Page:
Here,

• C5= the data to find
• \$D\$5:\$D\$14= Lookup array

Formula Breakdown

IF function tests the logic and after validation of the logic, it returns C5, otherwise leaves blank (i.e. “ ”) • Now, just drag the formula down and the column will show only the missing data here. ### 4. Applying Conditional Formatting

Here, we will now apply Conditional Formatting to find out the missing data for the same dataset. We won’t create a new column here, rather we will just mark the missing data from the existing column. So, let’s start the process like the one below.

Steps:

• First of all, select the two columns (i.e. Registered Person and Present Person). Go to the Home tab> click Conditional Formatting> select New Rule. • Then, the New Formatting Rule dialogue box will open up. Choose Format only unique or duplicate values from the Select a Rule Type field and select Unique from the Format All field> click Format. • Now, choose a Fill Color from the Format Cells dialogue box> click OK. • Here, click OK on the New Formatting Rule box. • Hence, the main column (i.e. Registered Person) will compare itself to the compared column (i.e. Present Person) and highlight the cells that are missing with data. ### 5. Using IF Function

Let’s say, like the previous dataset, some persons have come to take the vaccine on DAY-1 and some from the DAY-1 along with some new ones have come to take the vaccine on DAY-2. So, some of the persons taken vaccines on DAY-1 are missing on DAY-2. We want to find the data of the persons from DAY-1 who are missing on DAY-2 by applying the IF function. So, proceed like the steps below.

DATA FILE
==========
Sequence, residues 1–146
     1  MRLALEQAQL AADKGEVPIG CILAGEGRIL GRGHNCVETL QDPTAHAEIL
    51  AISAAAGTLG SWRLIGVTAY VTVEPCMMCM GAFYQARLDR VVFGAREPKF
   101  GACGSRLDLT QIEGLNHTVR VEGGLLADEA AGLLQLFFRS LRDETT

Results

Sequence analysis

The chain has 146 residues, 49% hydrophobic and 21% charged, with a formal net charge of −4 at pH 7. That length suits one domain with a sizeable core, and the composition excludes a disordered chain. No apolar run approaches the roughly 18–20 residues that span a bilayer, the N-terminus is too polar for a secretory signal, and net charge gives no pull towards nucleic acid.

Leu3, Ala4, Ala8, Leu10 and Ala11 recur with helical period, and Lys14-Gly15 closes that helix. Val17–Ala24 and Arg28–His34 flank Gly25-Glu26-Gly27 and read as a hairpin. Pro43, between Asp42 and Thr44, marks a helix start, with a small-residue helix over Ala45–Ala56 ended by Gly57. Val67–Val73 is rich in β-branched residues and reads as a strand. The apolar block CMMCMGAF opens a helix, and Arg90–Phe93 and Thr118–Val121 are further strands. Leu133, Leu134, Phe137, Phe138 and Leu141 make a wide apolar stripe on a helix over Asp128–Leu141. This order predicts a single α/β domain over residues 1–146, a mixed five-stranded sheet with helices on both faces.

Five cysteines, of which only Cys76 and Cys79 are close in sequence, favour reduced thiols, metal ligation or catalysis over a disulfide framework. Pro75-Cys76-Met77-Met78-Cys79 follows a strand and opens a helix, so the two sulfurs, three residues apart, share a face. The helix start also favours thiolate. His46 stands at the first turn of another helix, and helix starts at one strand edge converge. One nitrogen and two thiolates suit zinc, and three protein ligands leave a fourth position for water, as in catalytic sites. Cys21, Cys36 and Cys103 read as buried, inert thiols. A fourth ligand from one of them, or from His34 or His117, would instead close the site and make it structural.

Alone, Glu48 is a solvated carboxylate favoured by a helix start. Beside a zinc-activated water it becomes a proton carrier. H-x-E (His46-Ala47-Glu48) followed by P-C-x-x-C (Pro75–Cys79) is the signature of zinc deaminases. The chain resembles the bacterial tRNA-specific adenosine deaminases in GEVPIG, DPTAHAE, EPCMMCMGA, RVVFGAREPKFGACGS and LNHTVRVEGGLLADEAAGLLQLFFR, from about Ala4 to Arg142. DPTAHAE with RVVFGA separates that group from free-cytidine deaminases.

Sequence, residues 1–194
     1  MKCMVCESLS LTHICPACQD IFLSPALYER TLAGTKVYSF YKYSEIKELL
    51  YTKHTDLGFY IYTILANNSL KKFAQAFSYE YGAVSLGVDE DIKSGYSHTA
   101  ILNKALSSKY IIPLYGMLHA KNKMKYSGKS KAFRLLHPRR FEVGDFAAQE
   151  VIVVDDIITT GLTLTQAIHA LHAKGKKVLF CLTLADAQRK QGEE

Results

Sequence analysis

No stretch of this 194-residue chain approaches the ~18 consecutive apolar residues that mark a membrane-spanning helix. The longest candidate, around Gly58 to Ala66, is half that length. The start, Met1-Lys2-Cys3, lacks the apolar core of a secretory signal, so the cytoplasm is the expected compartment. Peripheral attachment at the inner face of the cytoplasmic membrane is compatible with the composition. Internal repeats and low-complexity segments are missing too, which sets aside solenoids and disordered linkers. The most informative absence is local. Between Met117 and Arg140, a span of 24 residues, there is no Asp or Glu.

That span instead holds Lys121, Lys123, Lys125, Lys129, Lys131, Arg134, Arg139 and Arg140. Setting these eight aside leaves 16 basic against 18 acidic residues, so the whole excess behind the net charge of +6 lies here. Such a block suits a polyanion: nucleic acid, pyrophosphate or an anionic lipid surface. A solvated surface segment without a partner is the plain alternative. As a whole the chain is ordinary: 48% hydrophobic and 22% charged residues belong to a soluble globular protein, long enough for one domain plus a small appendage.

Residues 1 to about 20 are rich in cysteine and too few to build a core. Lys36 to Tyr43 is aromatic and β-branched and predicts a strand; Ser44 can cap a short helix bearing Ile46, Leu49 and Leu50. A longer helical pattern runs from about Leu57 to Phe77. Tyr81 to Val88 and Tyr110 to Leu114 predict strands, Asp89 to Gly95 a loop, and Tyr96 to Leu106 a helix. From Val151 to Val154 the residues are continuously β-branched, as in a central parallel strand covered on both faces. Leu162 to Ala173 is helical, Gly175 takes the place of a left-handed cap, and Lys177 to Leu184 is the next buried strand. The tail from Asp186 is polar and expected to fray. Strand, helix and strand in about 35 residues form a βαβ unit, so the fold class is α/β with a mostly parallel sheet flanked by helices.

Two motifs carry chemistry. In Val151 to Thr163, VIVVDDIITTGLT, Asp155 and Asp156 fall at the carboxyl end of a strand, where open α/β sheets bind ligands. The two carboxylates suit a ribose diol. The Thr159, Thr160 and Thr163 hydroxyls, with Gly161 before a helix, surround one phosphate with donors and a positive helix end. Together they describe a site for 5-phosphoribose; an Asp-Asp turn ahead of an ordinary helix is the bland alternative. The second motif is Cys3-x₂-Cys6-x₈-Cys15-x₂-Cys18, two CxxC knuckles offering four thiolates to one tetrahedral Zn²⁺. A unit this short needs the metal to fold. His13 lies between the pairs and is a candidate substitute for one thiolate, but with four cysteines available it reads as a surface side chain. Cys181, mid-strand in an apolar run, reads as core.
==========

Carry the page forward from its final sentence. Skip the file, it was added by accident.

Steps:

• At first, create a new column for the missing data and apply the following formula to the selected cell.

`=IF(B5=C5,"Present","Missing")`

Here,

• B5= the data to find from DAY-1
• C5= the data to be compared • Then, drag the formula for the other cells to get the Missing and the Present data. ### 6. Missing Data in Different Sheets

For the previous 5 methods, we have dealt with missing data from the same worksheet. Now, we will deal with data from different worksheets. Here, we have the ID and Name of the persons’ taken vaccines at DAY-1 on one sheet. And we have also some information on DAY-2 at another sheet. We want to find out the person’s names from DAY-2 that are missing on DAY-1. In order to do so, proceed like the steps below.

Steps:

• Firstly, create a new column for the missing persons and apply the following formula.

`=IF(ISERROR(VLOOKUP(C5,'DAY-1'!\$C\$5:\$C\$14,1,FALSE)),C5,"")`

Here,

• C5= the data to find
• \$D\$5:\$D\$14= Lookup array • Then drag the formula down and the cells will show only the missing data. ## Conclusion

In this article, I have tried to show you some methods how to deal with missing data in Excel. I hope this article has shed some light on your way to deal with missing data in an Excel workbook. If you have better methods, questions, or feedback regarding this article, please don’t forget to share them in the comment box. This will help me enrich my upcoming articles. For more queries, kindly visit our website ExcelDemy. Have a great day!

## Related Articles #### Rafi

Hey there! I am Md. Rafiul Hasan. Currently I am working as an Excel & VBA content developer. I like new ideas and want to explore the field of innovation. Excel has saved our worktime and made it easy for us to quick calculations. I am trying to make it easier for you to overcome the obstacles you face while working on Excel. Stay connected!